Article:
Just Published: Identifying Veterans Using Electronic Health Records in the United Kingdom: A Feasibility Study
There is a lack of evidence concerning UK Armed Forces veterans who access secondary mental health care services — specialist care often delivered in high intensity therapeutic clinics or hospitals — for their mental health difficulties. To compound this, there is currently no flag or indicator for identifying veterans in England or Wales that is routinely filled out. Therefore, with the support of the Forces in Mind Trust, we embarked on a study to identify those who have served in the Armed Forces, and then to analyse treatment and healthcare pathways.
What is neat about this study is that we included pre and post national service era veterans. As we believe it was important to consider and compare that those who carried out National Service before 1963 may not have voluntarily entered the Armed Forces, as it was a legal requirement to serve in the Armed Forces and those who entered voluntarily.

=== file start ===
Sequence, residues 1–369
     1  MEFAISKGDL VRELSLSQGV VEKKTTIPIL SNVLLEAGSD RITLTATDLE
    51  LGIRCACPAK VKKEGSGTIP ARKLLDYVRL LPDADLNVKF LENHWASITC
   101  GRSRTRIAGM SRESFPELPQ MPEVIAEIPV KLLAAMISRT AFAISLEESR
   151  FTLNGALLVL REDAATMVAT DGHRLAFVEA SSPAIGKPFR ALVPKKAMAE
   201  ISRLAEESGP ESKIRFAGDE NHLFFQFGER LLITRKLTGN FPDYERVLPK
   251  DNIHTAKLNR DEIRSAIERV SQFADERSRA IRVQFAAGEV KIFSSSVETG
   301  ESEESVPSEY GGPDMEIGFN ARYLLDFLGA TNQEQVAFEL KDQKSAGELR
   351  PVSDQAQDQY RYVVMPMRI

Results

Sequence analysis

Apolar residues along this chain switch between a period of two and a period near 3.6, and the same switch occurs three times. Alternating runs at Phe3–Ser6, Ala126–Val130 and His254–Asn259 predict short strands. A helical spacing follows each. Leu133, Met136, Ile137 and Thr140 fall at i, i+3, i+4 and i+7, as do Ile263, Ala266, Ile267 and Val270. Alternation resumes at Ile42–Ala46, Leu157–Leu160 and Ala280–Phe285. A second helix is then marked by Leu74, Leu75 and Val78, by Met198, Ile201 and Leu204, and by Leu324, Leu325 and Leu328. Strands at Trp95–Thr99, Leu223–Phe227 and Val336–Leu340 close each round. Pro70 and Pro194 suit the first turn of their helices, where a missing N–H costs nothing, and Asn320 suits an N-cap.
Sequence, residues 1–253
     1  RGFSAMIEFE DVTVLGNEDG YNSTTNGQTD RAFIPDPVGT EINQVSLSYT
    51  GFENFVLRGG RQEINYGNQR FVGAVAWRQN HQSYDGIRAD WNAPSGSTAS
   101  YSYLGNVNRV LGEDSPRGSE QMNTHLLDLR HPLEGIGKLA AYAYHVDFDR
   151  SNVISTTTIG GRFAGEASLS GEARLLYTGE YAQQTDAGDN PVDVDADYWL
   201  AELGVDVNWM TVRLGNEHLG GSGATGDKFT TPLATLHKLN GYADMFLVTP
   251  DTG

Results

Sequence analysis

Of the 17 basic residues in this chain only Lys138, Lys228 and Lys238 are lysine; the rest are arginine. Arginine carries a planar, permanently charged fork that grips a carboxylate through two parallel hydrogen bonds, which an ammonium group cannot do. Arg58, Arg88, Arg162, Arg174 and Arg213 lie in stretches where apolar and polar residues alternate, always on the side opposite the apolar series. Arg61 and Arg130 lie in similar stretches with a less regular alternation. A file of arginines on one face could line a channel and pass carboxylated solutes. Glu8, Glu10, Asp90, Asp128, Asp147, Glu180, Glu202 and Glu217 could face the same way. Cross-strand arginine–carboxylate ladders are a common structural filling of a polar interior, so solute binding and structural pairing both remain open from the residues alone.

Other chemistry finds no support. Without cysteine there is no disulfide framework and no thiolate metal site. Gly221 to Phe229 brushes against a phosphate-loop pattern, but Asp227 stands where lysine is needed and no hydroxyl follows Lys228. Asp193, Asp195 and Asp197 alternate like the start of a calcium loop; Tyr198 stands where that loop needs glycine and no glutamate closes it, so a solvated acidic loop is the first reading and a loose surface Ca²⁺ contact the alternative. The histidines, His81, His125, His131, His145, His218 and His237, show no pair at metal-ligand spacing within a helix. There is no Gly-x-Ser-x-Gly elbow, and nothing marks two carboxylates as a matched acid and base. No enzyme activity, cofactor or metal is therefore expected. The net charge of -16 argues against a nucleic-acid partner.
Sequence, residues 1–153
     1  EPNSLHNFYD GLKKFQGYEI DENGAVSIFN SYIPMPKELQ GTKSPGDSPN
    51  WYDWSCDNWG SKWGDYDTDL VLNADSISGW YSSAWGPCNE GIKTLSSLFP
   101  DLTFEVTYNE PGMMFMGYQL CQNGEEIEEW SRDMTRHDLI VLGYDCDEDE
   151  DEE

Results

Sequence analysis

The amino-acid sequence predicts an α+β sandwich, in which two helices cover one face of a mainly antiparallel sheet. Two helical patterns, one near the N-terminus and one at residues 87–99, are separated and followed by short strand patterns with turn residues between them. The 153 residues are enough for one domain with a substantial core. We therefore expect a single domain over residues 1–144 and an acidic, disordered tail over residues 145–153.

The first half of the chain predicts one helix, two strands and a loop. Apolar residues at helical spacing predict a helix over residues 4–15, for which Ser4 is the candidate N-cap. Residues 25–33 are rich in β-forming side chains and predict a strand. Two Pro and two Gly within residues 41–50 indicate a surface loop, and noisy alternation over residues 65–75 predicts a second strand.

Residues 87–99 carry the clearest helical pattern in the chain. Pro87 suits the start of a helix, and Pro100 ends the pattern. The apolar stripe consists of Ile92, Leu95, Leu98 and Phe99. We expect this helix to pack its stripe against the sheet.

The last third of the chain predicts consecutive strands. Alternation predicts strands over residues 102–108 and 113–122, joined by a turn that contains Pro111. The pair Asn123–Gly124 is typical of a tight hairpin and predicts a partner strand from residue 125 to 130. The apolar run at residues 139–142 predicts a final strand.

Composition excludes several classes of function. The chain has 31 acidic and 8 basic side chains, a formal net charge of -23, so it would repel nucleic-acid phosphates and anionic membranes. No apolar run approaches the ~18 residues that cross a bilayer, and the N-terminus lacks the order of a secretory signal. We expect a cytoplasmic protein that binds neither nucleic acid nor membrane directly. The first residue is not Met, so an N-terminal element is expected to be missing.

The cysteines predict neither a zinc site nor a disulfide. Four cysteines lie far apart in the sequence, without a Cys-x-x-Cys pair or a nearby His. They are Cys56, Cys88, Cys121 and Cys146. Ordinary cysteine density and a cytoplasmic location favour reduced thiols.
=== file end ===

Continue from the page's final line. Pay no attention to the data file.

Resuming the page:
We found that veterans had a median age of 74 years (IQR: 53–86); the majority were male (90.8%) and lived alone (38.0%). The most common mental diagnoses overall were depressive disorders (22.9%), followed by alcohol use disorders (10.5%). Differences in care pathways were observed between pre and post national service era veterans.
You can read the full paper which was published in MDPI Healthcare here.
Reference: Identifying veterans using electronic health records in the United Kingdom: A feasibility study. Katharine M. Mark, Daniel Leightley, David Pernet, Dominic Murphy, Sharon A.M. Stevelink and Nicola T. Fear. MDPI Healthcare, 2019.